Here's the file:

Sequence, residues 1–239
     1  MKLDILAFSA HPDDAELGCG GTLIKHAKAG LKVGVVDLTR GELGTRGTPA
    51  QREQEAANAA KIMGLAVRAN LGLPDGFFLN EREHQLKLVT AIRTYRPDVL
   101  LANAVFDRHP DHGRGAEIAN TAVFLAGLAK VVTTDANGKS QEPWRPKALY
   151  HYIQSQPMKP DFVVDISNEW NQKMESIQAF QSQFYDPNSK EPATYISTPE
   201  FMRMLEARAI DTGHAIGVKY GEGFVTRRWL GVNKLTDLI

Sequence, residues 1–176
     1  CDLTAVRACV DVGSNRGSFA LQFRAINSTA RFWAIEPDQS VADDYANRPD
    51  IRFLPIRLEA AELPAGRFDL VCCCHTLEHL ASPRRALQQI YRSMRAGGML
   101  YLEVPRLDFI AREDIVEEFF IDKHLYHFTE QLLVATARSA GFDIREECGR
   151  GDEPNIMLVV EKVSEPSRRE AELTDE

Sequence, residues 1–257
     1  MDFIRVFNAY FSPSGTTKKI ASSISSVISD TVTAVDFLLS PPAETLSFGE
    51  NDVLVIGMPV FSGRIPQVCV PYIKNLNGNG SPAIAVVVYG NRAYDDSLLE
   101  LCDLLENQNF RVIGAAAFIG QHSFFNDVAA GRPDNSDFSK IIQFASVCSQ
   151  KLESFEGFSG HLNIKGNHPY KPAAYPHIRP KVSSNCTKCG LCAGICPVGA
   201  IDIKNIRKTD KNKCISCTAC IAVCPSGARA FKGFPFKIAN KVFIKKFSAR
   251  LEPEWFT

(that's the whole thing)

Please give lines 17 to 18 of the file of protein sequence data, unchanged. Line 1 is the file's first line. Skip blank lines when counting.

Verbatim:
   201  IDIKNIRKTD KNKCISCTAC IAVCPSGARA FKGFPFKIAN KVFIKKFSAR
   251  LEPEWFT